[Mashups Class] Playing with an open API

by Joe Jean | on September 5, 2014 | mashups programming javascript api

As part of my first homework for Mashups: Creating with web API, I had to first find, post and describe an API that returns JSON data.

Initial Plan

After playing around with a couple of APIs, I decided to use the World Bank API. I like the fact that one does not need a key to make requests to this API. And I also found the documentation to be clear and useful.

I use the following url http://api.worldbank.org/incomeLevels/LIC/countries?format=json in order to get a list of countries with income level classified as low income. As you can see four parameters are used in the url. “incomeLevels” is used for information about all levels of income, “LIC” is an acronym that stands for Low Level Income, and “countries” is the list of countries. By default, the World Bank API returns XML data. Since I wanted JSON, I had to explicitly specify that in the request url using format=json.

For the second part of the assignment, I created a small script that sends a request to the API with the url mentioned above and display the data on a nicely formatted HTML page. Even though my script was syntaxically correct, and the request to the server was successful — this is confirmed by the debugging info showed in my broswer’s developer/Javascript console —I still could not retrieve any data returned by the API.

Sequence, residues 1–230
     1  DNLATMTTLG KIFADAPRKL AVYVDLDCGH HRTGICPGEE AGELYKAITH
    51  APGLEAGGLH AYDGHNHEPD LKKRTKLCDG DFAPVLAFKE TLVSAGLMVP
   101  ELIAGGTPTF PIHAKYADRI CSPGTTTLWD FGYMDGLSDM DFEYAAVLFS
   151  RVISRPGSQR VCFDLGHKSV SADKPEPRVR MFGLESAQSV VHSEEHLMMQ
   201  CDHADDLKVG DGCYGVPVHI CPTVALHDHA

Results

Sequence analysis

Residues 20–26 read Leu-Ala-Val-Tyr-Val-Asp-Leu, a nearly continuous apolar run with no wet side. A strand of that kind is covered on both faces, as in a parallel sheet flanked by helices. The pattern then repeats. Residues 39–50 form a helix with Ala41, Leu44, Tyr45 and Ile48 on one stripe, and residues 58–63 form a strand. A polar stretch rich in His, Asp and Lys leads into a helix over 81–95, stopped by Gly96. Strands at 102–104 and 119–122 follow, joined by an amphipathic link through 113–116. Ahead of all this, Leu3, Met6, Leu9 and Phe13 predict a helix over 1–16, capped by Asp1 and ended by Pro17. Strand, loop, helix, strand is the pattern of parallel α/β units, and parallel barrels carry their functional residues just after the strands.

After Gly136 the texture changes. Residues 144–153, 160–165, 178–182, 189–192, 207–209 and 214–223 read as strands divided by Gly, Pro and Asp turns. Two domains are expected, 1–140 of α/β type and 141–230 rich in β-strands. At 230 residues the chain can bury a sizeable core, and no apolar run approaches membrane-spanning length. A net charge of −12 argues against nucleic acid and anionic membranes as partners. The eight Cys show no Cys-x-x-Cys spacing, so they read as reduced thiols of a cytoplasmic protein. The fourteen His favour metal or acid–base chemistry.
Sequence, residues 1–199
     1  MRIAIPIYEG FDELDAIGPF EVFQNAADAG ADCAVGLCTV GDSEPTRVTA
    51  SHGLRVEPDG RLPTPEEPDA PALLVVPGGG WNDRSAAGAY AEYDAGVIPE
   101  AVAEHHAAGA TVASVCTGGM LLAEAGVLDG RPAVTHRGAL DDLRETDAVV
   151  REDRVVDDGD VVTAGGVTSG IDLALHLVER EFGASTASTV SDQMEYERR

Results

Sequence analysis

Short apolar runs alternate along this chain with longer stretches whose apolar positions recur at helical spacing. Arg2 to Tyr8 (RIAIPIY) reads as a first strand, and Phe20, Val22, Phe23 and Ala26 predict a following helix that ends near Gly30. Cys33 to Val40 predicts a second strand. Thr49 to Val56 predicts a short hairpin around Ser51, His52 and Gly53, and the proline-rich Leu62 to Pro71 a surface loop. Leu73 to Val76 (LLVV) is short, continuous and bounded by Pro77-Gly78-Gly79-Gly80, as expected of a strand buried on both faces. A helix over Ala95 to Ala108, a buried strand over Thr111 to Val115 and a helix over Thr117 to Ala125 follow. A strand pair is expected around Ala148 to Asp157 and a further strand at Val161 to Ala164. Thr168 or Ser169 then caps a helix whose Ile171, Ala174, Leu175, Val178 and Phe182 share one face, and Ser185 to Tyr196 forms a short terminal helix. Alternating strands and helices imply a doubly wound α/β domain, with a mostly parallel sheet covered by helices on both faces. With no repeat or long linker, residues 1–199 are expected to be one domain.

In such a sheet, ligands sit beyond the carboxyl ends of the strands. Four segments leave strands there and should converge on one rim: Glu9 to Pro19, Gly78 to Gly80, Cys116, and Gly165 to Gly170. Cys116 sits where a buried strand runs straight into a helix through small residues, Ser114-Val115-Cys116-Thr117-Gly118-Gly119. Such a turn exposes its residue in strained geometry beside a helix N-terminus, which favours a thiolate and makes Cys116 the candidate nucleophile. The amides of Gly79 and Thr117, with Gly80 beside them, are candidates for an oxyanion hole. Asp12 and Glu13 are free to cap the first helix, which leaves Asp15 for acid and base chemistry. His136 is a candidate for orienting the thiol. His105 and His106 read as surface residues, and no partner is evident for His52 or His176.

After doing some research about the issue, I found out that the problem was due to an implementation issue with the World Bank API. If you want to learn more about the problem click the previous link.

Second Plan

So since the World Bank API was not doing the job, I did some more research and found another open—authentication free— API: The US government jobs API. I use the following url http://api.usa.gov/jobs/search.json?query=tech+jobsto request all open technology related positions offered by government agencies. And I got the data back, manipulated it and displayed it on an HTML page. The page can be accessed here. And here is the JS code that does the job:



    type: "GET",
    dataType: "jsonp",

    success: function(data){
      $.each(data, function(index, job){
        // Those are for debugging purpose

      // The following code will add the JSON content returned by the API to the DOM
      var tr = $('')
      var td_1 = $('')
      var td_2 = $('')
      var aaa = $('')
') .appendTo(td_1); var employer = $('') .addClass('employer') .text(job.organization_name) .appendTo(td_1); var span_state= $('') .addClass('state') .text(job.locations[0]) .appendTo(td_2); }); }, error: function() { return console.log("Failed"); } }); });
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